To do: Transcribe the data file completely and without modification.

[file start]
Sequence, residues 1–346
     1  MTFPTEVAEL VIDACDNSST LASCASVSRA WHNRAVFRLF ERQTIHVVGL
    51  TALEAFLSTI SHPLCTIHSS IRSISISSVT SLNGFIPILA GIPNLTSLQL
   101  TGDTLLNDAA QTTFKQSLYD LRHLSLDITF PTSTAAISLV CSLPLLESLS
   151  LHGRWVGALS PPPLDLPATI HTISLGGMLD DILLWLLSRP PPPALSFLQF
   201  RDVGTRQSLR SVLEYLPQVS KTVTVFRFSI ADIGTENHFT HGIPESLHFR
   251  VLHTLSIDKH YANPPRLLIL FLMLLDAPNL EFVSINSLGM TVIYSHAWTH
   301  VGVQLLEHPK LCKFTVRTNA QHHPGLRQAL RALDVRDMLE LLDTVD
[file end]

Sequence, residues 1–346
     1  MTFPTEVAEL VIDACDNSST LASCASVSRA WHNRAVFRLF ERQTIHVVGL
    51  TALEAFLSTI SHPLCTIHSS IRSISISSVT SLNGFIPILA GIPNLTSLQL
   101  TGDTLLNDAA QTTFKQSLYD LRHLSLDITF PTSTAAISLV CSLPLLESLS
   151  LHGRWVGALS PPPLDLPATI HTISLGGMLD DILLWLLSRP PPPALSFLQF
   201  RDVGTRQSLR SVLEYLPQVS KTVTVFRFSI ADIGTENHFT HGIPESLHFR
   251  VLHTLSIDKH YANPPRLLIL FLMLLDAPNL EFVSINSLGM TVIYSHAWTH
   301  VGVQLLEHPK LCKFTVRTNA QHHPGLRQAL RALDVRDMLE LLDTVD